In 1978, I did something really stupid. I was a 17-year-old high student in Michigan. I had found a toy gun on the side of the road. In an attempt to flirt with the girl at the one-hour photo store, I walked up to her, pointed the gun and said, “Your money or your life.” She turned, opened the cash register and handed me $53. I was so surprised that I grabbed the money and ran home.
I was sent to an adult prison because under Michigan law, I was considered an adult and my crime was classified as an armed robbery. On my first day there - the same day that my classmates were getting ready for the prom - a group of older inmates spiked my drink, lured me down to a cell and raped me. And that was just the beginning. Laughing, they bragged about their conquest and flipped a coin to see which one of them got to keep me. For the remainder of my nearly five-year sentence, I was the property of another inmate.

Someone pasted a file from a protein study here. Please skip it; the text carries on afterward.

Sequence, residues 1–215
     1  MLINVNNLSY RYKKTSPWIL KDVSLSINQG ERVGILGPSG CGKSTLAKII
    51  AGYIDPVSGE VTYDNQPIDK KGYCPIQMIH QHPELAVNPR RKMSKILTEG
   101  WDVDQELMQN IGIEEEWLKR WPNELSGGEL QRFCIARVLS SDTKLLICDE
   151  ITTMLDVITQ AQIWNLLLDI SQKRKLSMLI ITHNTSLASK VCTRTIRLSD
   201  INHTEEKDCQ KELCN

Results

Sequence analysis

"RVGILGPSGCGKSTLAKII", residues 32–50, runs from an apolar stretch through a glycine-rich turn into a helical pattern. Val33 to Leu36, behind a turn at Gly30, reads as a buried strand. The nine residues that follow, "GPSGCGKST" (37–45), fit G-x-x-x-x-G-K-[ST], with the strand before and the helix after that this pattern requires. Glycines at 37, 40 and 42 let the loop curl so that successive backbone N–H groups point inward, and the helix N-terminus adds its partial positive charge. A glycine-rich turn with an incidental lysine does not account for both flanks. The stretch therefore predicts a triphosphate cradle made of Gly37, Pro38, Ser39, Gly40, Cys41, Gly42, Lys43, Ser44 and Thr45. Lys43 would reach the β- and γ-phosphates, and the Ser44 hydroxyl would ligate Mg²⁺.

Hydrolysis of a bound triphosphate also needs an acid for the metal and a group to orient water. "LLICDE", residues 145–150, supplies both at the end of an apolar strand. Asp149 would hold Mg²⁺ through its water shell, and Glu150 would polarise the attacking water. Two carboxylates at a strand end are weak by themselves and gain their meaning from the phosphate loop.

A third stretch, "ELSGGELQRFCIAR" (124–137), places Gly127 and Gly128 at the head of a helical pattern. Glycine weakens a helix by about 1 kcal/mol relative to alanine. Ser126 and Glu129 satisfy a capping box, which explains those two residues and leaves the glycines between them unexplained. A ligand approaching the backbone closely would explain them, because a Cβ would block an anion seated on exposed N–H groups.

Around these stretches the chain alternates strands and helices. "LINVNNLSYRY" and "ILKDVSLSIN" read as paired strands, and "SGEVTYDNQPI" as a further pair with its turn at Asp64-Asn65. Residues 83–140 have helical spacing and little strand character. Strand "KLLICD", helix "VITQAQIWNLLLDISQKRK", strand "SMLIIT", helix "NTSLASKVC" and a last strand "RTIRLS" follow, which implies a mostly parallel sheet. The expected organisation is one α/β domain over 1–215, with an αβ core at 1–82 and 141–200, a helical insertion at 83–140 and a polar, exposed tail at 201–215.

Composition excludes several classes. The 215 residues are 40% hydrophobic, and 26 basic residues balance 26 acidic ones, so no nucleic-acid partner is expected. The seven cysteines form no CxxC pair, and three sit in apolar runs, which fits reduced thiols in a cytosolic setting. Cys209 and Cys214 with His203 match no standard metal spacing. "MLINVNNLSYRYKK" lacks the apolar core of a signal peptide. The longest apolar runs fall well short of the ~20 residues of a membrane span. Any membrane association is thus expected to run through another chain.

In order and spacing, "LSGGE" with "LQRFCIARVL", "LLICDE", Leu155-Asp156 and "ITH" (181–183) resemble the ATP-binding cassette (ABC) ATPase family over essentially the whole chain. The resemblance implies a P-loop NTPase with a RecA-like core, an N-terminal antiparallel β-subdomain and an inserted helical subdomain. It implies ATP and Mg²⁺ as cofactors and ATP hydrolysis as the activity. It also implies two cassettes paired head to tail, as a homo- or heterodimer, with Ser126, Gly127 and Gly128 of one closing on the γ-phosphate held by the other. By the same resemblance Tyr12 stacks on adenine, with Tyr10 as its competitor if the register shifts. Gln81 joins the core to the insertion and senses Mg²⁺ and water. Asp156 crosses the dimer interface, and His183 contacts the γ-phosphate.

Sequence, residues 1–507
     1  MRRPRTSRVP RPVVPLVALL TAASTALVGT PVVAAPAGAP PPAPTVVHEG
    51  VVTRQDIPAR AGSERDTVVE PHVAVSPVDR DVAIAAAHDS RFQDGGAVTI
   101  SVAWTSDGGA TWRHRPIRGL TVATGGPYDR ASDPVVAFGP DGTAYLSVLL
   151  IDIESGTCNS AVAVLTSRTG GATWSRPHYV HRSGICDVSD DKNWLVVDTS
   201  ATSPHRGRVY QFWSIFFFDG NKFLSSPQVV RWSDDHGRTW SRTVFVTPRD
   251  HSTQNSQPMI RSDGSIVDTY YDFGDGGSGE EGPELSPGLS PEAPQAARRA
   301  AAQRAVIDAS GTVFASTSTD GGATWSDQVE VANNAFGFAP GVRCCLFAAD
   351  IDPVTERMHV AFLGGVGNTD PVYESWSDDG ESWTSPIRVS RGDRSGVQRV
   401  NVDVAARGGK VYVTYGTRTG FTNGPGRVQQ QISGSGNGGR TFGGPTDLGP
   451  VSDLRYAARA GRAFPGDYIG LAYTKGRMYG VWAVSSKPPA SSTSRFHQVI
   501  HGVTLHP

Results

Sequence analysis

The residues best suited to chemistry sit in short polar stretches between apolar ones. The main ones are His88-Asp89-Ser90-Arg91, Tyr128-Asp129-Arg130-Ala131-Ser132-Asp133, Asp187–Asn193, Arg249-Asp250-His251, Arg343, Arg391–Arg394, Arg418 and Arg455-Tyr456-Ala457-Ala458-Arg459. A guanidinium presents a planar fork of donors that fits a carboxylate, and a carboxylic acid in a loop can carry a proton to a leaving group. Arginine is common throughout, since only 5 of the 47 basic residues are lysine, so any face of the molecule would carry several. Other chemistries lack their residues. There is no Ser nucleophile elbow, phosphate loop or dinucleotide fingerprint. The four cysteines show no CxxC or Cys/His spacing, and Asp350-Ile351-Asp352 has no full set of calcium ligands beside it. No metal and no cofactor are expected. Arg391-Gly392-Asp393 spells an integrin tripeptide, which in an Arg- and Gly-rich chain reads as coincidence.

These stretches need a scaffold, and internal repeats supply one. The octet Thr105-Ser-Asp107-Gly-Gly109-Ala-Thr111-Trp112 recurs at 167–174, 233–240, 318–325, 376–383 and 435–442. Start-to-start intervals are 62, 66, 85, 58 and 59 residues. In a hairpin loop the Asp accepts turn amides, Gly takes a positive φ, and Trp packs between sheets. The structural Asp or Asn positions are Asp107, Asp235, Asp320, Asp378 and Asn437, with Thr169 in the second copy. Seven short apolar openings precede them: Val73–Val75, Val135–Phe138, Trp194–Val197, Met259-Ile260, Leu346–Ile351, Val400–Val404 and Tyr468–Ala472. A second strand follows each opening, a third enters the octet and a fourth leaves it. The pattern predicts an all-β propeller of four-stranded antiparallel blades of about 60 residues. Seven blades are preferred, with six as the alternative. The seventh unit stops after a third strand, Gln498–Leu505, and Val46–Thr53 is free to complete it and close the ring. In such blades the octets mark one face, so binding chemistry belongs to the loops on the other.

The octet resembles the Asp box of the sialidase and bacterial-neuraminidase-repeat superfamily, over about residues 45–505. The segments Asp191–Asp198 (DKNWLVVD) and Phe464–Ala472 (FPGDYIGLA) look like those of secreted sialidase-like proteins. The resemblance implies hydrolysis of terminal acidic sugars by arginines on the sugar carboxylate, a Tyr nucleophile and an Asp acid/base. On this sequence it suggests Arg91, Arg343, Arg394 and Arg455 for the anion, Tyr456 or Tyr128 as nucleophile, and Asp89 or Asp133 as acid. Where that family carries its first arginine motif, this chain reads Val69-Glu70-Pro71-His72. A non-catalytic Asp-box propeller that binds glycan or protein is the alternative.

Unfortunately, my experience is not uncommon. Justice Department officials estimate that in 2004, there were 8,210 reported incidents of rape and sexual abuse behind bars. They also acknowledge that the actual number may be much higher, since many inmates are reluctant to report the crime. (I was too afraid to tell anyone what happened to me because I was convinced my attackers would kill me.)